Tuesday, 20 March 2018

Edinburgh Yarn Festival 2018

My Spin City stall,  EYF 2018
Resin Drop Spindles
Mountains of hand carded batts
I had a wonderful time at Edinburgh Yarn Festival. This was my third year exhibiting at this marvellous show and there really isn't another show quite like it.
Let me set the scene. The first thing you will notice when you walk through the doors at the Edinburgh Corn Exchange, is that you are surrounded by your own tribe; you know, those over enthusiastic, geeky about their craft, lovers of fibre, textiles and all thing YARN people. I felt so at home!
Then, the second thing you will notice is that it feels like the majority of people have travelled to the show from all over the world. I personally met people from Singapore, America, Sweden, Iceland, Norway and Switzerland to name a few. This gives the show a real festival feeling and it personally gave me a lot of joy and happiness to meet other knitters and spinners from across the globe.
Then, you start to notice the bloggers, the Vloggers, the podcasters, knitwear designers, and famous yarn dyers just hanging out, chatting to people and having an apparently wonderful time. If there was such a thing as a red carpet event for yarn, Edinburgh Yarn Festival is surely it.
Nathan the Sockmatician just hanging out casually on my stall :-) 

Not forgetting the other sights of the show; the wonderful hand made creations people wore, such as fairisle sweaters, cabled cardigans and shawls in rainbow array, rows upon rows of tables stuffed with knitters and crocheters chatting, making and laughing together, vegan delicacies and cakes stacked high, photo booths and giant knitted installations- and then there was the marketplace itself.
The creme de la creme of the indie fibre supplies world were out in force, hand selected by the organisers for quality and uniqueness. Around every corner you would find booths filled to bursting with the most beautiful yarn, exciting patterns, notions and potions and festival-goers with eyeballs dilated the size of spaceships and jaws wide open. I felt privileged to be part of such an all star line-up.
My Spin City stall with fibre and equipment stacked high 

I worked hard to build up stock for the show, making a mountain of batts, resin drop spindles and dyeing miles of fibre in my classic colour ways, and adding special ones I designed just for the show too. It is always a big moment for me when I set out my stall. It's the closest thing to having my own IRL "shop"and it gives me such a thrill. I made sure to bring my spinning wheels and looms for people to try out and to teach the craft to unsuspecting newbies.
A mountain of batts for spinning or felting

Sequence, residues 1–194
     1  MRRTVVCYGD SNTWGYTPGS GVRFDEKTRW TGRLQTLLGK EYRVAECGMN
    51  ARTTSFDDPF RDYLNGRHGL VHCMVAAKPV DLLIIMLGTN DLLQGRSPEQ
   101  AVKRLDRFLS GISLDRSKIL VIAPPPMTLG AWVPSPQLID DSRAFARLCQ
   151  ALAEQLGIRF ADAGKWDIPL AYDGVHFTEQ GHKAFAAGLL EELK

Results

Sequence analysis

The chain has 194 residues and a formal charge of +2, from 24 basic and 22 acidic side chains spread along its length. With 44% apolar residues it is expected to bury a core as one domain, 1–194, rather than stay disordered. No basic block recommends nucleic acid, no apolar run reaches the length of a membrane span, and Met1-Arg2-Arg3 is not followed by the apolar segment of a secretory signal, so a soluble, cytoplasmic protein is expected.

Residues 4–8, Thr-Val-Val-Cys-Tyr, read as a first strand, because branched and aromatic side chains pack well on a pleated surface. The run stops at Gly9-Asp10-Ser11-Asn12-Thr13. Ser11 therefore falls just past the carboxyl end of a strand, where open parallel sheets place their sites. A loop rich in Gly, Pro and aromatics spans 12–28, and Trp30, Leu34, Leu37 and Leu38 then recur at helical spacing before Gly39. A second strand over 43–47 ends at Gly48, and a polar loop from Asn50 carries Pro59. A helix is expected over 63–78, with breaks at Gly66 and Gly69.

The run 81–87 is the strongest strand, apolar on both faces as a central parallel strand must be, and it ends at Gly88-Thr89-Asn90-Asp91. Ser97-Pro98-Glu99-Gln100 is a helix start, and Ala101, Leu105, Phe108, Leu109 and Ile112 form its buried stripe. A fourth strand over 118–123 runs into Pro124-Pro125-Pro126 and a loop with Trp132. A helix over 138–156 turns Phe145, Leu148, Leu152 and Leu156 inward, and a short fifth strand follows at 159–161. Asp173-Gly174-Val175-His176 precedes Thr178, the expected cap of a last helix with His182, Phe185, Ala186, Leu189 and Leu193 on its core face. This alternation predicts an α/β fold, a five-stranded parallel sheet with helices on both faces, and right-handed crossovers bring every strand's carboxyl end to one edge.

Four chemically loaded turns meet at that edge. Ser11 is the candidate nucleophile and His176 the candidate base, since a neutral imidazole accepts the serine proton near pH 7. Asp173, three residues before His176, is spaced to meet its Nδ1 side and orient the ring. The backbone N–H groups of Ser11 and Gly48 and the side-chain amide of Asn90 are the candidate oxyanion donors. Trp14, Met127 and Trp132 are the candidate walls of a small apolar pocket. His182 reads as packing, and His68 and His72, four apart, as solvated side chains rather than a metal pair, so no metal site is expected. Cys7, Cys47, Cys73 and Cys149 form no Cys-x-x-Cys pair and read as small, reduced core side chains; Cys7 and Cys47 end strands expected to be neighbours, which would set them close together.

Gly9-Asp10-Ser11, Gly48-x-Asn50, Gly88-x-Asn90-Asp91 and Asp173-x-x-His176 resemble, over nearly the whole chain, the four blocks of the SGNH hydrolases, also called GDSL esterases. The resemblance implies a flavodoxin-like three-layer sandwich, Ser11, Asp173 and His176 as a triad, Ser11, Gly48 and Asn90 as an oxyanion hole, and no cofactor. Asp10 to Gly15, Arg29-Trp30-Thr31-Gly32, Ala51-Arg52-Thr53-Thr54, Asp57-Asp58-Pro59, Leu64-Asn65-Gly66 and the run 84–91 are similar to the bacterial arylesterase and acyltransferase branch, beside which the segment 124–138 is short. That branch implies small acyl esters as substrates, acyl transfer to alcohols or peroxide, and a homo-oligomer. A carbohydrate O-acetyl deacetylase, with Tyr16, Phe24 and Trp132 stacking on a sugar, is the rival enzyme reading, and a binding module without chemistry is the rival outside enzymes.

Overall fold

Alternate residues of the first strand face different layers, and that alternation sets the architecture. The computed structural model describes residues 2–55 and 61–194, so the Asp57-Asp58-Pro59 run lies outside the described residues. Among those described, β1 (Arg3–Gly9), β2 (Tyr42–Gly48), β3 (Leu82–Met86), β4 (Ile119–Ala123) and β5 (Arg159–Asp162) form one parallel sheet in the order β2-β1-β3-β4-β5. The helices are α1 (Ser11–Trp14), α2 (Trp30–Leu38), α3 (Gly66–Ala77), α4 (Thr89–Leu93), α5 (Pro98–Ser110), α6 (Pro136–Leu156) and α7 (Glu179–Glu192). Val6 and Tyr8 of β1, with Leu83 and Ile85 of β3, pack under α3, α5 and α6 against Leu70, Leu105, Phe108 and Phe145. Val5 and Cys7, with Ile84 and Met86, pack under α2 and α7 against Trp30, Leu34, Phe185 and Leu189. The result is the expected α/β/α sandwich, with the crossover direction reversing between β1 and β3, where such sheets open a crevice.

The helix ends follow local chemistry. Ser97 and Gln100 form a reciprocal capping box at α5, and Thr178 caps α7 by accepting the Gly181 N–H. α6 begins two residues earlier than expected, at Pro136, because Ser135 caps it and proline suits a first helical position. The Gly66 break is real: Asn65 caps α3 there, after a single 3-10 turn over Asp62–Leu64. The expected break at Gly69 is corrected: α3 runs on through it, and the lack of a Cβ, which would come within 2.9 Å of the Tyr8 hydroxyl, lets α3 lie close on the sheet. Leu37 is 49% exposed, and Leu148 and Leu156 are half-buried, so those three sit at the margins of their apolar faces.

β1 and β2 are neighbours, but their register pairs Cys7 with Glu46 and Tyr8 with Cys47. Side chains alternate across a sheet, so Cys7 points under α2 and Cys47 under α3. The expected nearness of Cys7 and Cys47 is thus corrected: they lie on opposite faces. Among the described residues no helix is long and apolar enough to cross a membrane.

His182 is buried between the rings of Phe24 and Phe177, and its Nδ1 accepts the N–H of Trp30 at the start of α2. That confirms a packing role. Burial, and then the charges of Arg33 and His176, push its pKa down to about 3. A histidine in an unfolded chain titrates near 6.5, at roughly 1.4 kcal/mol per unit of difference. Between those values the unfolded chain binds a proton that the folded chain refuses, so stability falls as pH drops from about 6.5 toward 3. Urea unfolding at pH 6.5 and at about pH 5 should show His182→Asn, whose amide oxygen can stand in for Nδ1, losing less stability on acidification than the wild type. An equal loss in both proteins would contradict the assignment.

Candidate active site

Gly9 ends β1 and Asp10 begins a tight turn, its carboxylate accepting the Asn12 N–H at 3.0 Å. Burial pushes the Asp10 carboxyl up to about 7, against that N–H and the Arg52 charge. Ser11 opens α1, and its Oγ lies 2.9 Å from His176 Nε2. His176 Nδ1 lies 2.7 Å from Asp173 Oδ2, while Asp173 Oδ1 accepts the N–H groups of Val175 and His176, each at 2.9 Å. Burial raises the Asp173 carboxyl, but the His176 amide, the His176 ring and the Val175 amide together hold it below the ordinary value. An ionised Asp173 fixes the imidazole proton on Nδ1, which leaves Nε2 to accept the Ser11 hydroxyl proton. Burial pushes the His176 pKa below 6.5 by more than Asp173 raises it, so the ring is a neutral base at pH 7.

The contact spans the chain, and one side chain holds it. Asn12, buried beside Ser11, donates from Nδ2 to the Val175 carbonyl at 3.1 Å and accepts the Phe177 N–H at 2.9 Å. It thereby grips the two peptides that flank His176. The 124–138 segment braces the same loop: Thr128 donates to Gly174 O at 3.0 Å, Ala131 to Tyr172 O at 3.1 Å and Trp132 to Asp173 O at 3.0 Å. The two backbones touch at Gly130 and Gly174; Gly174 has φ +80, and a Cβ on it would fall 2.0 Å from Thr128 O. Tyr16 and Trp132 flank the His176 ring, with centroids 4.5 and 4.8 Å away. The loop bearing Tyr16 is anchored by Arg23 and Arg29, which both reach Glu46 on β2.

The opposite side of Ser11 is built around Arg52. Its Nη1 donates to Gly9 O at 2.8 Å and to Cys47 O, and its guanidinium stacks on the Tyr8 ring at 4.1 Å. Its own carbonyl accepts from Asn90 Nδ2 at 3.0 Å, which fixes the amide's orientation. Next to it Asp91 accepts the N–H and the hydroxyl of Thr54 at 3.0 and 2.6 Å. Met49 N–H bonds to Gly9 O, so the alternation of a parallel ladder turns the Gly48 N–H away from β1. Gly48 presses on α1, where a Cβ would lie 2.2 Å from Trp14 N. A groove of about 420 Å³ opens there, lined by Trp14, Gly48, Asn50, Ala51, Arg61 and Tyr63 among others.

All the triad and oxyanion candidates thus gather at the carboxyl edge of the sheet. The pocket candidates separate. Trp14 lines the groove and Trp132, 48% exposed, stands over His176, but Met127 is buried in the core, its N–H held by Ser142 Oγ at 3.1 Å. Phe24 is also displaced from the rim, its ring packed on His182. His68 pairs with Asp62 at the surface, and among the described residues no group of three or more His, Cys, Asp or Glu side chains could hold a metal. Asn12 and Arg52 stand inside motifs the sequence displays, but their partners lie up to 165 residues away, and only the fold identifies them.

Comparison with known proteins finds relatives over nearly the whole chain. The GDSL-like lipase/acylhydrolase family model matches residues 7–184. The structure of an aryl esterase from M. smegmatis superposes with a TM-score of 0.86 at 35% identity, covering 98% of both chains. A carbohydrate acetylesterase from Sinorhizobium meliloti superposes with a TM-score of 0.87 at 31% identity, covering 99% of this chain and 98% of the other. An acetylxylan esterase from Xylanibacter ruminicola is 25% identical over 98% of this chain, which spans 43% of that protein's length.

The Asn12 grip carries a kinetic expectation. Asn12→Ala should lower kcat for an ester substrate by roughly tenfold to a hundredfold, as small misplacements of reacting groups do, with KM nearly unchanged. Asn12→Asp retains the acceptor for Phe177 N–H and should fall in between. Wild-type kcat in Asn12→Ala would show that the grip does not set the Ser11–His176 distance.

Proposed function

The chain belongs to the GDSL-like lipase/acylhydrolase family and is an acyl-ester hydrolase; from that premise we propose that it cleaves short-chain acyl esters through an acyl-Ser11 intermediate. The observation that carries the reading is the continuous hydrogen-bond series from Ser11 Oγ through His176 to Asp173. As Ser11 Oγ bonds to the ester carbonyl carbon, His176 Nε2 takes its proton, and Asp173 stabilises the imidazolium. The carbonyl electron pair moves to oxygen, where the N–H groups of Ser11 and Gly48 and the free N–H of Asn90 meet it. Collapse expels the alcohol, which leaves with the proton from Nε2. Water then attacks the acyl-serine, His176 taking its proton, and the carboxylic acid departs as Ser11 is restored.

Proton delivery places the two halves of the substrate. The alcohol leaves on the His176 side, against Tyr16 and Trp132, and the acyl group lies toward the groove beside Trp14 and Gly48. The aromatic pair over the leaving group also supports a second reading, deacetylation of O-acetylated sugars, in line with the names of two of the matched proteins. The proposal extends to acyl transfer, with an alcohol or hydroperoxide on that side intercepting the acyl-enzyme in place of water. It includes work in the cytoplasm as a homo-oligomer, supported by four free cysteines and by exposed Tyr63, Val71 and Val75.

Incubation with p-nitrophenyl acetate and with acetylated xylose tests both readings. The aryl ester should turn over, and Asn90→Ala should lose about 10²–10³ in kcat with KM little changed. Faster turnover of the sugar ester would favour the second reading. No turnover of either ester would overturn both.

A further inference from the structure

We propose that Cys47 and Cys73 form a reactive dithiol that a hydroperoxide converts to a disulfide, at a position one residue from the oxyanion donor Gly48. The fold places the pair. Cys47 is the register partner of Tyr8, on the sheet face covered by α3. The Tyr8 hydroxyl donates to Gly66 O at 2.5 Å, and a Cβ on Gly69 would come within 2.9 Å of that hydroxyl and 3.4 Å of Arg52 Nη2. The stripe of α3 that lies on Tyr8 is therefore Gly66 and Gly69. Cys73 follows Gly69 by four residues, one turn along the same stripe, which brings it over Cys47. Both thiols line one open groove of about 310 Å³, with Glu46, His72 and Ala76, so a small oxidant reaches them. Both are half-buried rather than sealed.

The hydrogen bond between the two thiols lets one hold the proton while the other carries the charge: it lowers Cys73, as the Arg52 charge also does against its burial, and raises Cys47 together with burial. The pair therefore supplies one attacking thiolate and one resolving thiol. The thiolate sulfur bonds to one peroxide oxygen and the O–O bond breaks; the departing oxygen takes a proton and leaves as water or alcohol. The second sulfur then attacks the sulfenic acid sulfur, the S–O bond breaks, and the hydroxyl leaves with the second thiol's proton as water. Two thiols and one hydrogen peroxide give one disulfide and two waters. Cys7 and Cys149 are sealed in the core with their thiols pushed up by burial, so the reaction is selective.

Spin City Resin drop spindles 
We were busy from the moment the show opened, and I loved meeting all my lovely customers- some for the first time, some returning friends. I got to see projects people had saved up to show me, like a gorgeous little baby sweater made from a colourful batt of mine, or someone's very first effort at spinning after I taught them how last year. This might be the very best part of my job.

My beautiful mum Karen helped me on my stall. 
It was lovely to have mum (Karen) come to help me, and share a few extra days away in Edinburgh too. Mum and I spent most of our evenings after the show watching trash catch-up tv and falling asleep before nine, then trying to stifle our giggles over something random in the early morning while everyone else slept.
The show lasted for three days this year (usually the show is only on for two) and it was nicely busy with a happy buzz about the place, but never so crowded you couldn't hear yourself think. Everyone could move around easily and had the time to browse and soak up the atmosphere. It was a total joy.

at the Tartan Weaving Mill

Hattersley loom <3
After the show I had a day out around the city, visiting the Royal mile and indulging in my love of weaving looms by visiting the Tartan Weaving Mill Experience, where they house a collection of working Hattersley looms which weave traditional tartan fabric in front of your eyes, alongside a huge range of tartan goods. I might have also indulged in my love of handwoven tartan and purchased a few meters of Harris Tweed and a very fancy new purse.... but that would be telling.
We stayed in an AirBNB just outside the city centre, in an area called Bruntisfield in a lovely victorian flat with big bay windows and really high ceilings. It was a short skip away from a bustling street with boutique shops and cafes and the best veggie breakfast I have ever eaten. If you are yet to try veggie haggis for breakfast you are missing out!
I'd love to return and hope I can take part again next year.
The long road home in the van

Sunday, 23 July 2017

Tour De Fleece Megablog

I had so much fun taking part in Tour De Fleece this year. This is a megablog of my spins!

On day one of the tour I proudly donned my yellow jersey (hand screen printed for me by my brother, Ouroboros screen prints) and my handspun wire headband and set myself up underneath my fruit trees in the garden with my spinolution hopper, a crazy carded batt and high levels of adrenaline. I corespun the batt and supercoiled the yarn into a wonderfully textured, huge skien. 

Supercoil art yarn